I got stuck in the ice without my clothes
Naked as the eyes of a clown

I was crying ice cubes, hoping I’d croak
When the sun come through the window,
the ice all broke
I stood up and laughed, thought it was a joke
That’s the way that the world goes ’round
— John Prine, “That’s the Way that the World Goes ‘Round” (details)

The “fluid” circumstances Erica Brown mentions undoubtedly bear no intentional relationship to John Prine’s bathwater. But Prine’s song and Return: Daily Inspiration for the Days of Awe have something related to say about teshuva, and together they offer a fruitful approach to “recovering” ourselves in this penitential season.
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Past, Present and Future in Teshuvah: Amichai, Zelda and the Pit

…The past is not a piece of
jewelry sealed in a crystal box
nor is it a snake preserved
in a bottle of formaldehyde—
The past trembles within the present
when the present falls
into a pit the past goes
with it —
when the past looks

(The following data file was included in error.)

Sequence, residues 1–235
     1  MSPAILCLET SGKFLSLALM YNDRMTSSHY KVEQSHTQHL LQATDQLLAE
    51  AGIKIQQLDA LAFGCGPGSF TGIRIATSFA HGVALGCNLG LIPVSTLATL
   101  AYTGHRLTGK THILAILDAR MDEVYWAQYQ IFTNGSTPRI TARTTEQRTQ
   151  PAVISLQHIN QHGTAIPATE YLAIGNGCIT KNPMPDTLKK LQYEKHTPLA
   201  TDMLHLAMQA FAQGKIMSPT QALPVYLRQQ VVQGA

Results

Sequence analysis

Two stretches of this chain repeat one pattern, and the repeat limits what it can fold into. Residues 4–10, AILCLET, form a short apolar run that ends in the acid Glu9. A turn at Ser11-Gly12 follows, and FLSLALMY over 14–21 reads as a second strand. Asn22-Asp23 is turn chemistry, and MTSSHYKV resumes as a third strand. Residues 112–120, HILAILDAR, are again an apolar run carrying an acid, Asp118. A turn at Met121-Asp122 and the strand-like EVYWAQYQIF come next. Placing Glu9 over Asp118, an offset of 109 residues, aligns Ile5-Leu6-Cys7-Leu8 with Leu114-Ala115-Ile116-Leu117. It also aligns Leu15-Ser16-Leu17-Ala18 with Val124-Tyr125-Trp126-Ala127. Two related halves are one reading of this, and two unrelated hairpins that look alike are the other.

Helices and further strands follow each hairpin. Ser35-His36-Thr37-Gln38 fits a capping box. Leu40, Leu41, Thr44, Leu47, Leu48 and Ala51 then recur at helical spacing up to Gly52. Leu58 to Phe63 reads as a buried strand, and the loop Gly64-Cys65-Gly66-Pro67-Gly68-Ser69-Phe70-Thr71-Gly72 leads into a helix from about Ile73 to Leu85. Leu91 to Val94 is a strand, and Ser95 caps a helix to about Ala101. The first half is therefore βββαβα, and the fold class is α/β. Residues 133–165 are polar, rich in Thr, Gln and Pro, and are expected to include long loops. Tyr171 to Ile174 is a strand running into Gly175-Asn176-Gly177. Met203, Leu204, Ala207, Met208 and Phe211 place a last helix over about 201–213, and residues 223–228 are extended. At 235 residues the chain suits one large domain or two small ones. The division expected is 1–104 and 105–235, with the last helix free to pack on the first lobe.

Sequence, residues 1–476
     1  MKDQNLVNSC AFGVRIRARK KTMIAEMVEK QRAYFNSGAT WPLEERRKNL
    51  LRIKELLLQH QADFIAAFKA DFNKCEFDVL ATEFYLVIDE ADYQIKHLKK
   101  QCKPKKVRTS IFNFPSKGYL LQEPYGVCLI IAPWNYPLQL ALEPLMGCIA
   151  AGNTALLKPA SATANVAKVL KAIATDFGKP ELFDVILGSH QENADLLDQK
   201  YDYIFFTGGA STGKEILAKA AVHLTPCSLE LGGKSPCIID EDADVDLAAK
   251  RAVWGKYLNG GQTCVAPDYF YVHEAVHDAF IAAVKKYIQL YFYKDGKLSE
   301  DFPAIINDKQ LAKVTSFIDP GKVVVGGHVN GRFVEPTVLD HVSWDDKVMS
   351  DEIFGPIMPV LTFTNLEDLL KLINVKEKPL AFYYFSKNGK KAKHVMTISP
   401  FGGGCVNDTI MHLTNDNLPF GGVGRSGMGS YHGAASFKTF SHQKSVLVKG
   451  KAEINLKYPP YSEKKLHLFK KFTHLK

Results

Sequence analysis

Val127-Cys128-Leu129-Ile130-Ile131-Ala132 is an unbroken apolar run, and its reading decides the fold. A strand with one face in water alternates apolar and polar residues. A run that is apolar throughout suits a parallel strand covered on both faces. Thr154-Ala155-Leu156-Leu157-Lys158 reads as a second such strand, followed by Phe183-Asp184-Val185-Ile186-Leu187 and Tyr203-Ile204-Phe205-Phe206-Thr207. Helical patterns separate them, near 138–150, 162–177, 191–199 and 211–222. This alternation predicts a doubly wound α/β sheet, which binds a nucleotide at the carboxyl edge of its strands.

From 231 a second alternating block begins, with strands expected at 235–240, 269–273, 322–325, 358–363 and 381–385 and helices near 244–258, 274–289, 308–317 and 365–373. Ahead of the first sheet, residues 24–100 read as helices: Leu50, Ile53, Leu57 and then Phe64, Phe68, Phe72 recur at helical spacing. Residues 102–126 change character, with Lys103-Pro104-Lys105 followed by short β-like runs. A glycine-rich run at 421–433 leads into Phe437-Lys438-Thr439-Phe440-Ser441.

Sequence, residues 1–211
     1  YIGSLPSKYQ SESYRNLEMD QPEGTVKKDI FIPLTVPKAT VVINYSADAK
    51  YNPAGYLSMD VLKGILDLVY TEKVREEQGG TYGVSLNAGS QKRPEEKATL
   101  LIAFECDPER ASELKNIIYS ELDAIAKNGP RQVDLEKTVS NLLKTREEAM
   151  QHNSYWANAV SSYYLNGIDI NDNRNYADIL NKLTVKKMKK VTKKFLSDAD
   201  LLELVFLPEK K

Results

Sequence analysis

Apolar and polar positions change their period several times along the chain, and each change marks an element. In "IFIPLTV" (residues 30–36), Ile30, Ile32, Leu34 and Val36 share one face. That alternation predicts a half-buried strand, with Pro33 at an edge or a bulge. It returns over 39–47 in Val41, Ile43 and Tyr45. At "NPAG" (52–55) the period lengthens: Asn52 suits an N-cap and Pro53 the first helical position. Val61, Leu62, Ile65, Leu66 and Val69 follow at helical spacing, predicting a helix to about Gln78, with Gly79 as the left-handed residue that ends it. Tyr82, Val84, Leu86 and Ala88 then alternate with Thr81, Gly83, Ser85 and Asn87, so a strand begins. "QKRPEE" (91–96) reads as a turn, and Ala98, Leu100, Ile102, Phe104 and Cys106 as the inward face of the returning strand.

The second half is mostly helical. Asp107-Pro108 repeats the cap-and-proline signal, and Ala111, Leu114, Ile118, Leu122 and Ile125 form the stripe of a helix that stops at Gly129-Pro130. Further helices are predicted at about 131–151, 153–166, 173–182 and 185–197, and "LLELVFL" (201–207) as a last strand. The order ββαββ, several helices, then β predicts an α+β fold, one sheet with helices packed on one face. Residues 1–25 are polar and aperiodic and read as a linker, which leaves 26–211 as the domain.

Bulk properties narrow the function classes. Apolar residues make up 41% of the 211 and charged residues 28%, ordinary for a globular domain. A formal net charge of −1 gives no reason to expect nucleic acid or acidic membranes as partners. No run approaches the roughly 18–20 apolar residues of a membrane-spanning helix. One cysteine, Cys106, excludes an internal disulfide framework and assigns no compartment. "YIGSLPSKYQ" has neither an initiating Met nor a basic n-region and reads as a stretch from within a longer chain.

toward heaven all of life
is upraised, even the distant past.
–Zelda, from “That Strange Night” (full text, notes)

The Pit

In a famous midrash, Joseph and his brothers return to Canaan to bury their father, and Joseph notices, by the side of the road, the pit where his brothers threw him decades before. Watching Joseph look into the pit, the brothers worry. They do not believe Joseph has forgiven their past deeds and continue to fear recriminations.

While the brothers in the midrash are fretting, however, Joseph recognizes the pit, despite its painful associations, as the source of all that happened to him later: his incarceration in Egypt, eventual rise to power, marriage and children; and, most importantly to the Genesis story, his ability to help his family when famine strikes their homeland.

Avivah Zornberg writes:

[Joseph] has gone to the trouble of returning to that place of his terror in order to bring closure to the old narrative. He makes the blessing for a personal miracle, claiming the site of his trauma as the site of redemption. By this act, he rereads the pit as a space of rebirth, transforming pain into hope. The grave has become a womb.
The Murmuring Deep: Reflections on the Biblical Unconscious, p.319; Continue Reading